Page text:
A calculated and defensible move that subtlety messes with the Montreal coaching staff and players. You’ll also notice coming out of the timeout the Senators did actually line up for the draw like they were receiving a kickoff, there were some tactics here beyond the psychological.
On being prepared to let go of the Karlsson/Cooke incident…
“How much money do you got? I need a suitcase with about a hundred g’s and then I can talk all I want. In all seriousness, look, I think there was a misconception. I used a stupid word; that was the problem and all of a sudden, that became the big joke. Because it was not a joke. I used the word forensic. It’s not forensic. I just don’t know what was on my mind when I was thinking forensic. It was simply to get to the bottom of certain things. And I’ll do anything, like any owner would do, to protect our players. This is not a witch hunt of any sort. There’s things that we can do for the game. I come from a background of clinical studies. That is my business. I’ve been doing it for over 25-30 years and whether it’s the proper socks, whatever it takes, what could have happened differently? And what did happen because there’s a conflict of what did happen? So rather than comment on it now, I’m going to wait until after the season. I don’t want to distract anybody and we’ll release the information that we have. I take this very seriously and it’s not meant to do anything other than potentially help other players, other teams, so (history) doesn’t repeat itself. I just used a stupid word but I think it’s a lot of fun because it’s got me… the word forensic, all of a sudden it’s CSI Ottawa. I bet in Ottawa, CSI Ottawa skyrocketed in its ratings.”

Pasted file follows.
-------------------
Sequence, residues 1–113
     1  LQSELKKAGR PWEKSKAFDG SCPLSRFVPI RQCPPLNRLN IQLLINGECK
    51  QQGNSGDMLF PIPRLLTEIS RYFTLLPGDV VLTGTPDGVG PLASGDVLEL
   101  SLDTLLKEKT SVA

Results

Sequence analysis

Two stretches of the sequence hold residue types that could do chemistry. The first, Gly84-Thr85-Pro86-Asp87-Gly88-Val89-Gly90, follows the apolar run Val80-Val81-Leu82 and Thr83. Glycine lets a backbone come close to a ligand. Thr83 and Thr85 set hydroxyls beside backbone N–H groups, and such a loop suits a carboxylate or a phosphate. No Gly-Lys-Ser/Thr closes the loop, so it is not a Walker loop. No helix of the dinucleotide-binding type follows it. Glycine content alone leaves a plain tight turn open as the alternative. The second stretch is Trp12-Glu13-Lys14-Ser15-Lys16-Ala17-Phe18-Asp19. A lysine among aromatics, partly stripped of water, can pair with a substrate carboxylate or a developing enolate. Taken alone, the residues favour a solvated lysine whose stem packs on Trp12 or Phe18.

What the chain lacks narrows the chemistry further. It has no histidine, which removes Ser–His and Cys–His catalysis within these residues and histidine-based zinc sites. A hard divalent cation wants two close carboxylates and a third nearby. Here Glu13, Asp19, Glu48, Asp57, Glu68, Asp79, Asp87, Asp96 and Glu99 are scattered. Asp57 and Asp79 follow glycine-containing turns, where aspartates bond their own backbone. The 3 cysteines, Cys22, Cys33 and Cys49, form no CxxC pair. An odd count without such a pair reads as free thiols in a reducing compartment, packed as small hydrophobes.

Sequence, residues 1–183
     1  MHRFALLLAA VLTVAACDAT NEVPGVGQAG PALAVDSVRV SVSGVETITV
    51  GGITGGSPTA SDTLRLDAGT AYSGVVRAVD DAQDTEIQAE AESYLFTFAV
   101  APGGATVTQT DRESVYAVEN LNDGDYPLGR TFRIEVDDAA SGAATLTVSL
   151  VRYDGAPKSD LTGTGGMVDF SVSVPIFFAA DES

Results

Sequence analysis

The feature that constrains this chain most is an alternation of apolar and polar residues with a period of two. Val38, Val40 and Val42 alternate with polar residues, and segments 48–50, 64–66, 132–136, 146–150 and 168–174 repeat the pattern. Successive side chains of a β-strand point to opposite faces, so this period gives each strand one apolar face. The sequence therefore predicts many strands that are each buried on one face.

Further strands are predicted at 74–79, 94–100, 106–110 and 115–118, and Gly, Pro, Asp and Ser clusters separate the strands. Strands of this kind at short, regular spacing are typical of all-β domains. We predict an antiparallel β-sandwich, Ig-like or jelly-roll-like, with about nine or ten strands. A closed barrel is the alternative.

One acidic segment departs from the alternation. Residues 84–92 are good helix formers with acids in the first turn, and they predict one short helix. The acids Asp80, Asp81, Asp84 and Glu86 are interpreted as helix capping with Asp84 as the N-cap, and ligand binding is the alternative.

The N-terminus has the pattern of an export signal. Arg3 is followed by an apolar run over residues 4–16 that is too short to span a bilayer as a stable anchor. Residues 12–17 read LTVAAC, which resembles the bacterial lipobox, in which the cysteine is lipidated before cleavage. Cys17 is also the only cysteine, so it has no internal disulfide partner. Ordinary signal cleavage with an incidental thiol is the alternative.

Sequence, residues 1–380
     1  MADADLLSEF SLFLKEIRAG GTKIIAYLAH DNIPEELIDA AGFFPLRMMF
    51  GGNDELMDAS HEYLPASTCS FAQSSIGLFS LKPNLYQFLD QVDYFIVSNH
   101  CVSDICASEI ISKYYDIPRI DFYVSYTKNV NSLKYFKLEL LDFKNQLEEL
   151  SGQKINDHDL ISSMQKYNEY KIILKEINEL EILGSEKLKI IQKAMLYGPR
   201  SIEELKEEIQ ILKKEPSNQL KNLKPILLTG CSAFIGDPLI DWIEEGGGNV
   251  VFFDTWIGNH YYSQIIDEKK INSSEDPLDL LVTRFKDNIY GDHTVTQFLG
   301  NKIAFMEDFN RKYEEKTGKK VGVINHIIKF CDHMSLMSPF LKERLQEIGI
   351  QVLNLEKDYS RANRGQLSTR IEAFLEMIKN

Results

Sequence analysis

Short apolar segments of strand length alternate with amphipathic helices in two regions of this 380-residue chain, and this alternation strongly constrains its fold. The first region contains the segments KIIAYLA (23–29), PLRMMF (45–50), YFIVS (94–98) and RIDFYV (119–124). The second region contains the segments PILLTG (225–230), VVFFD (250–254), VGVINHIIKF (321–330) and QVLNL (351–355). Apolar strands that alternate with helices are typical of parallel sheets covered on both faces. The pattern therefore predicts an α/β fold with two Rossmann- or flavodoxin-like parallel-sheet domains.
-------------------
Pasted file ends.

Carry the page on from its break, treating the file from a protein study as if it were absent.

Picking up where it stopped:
It’s a weird about-face by Melnyk. In going back to his last interview on PTS, he indicated that he was going to prove whether the Cooke/Karlsson incident was intentional.
“You know what? I’m going to prove whether it was intentional or not.”
On how he’s going to do that…
“You watch. It may be public. It may not be public, but it’s between me and the league. I think it was intentional, but you have to be able to prove it. From all the television angles that we saw, you can’t see it. It was so fast. But the force that that skate had to go in to go through a sock, a sock, a sub-sock, then your skin, muscle, sheath and then to get to your tendon… man, either this guy is really good or very lucky at being able to do that.”
On whether Melnyk has or is putting together a case against Matt Cooke…
“I am putting it together.”
On being finished with his investigations…
“No, I’m telling you, this takes time. You’ve got review boards. This is a pretty substantial study but it’s much broader than you think. You’ll be surprised with the integrity of it and how interesting it is. And these guys, these buttheads that sit there and think this is a joke, it’s not. It’s serious stuff and you know, I remember when a lot of new equipment started coming in, people were laughing at it and saying ‘What are you doing this for?’ And all of a sudden, it becomes mandatory to wear helmets. I lived in a world where I grew up without masks for goalies. There are certain things that you can do to avoid that kind of injury and you just need to get to the bottom of it and of what is the best way of going about it. You know, I’m around for a long time in this game and I want to make sure that players especially, guys that I sign up for a lot of money, don’t get hurt recklessly and they can avoid these kinds of injuries – whether they are accidental or otherwise.”
Now it just sounds like this study is being done as a mechanism to help improve the health and safety of its players. I wonder if this means Cooke’s intentions could not be proven and now this change reflects an owner who is trying to save some face. Or maybe not. Who knows? Hopefully this study sees the light of day and the public can learn more about its findings.
On using PTS as a platform to present his analysis…
“If I can. And I’ll tell you what, this is not meant for a big or any kind of publicity stunt or anything like this. I’m presenting this to the league and I’ve committed to do that and I’ll let them decide whether they want to release it or not.”
So much for those hopes that it will be released.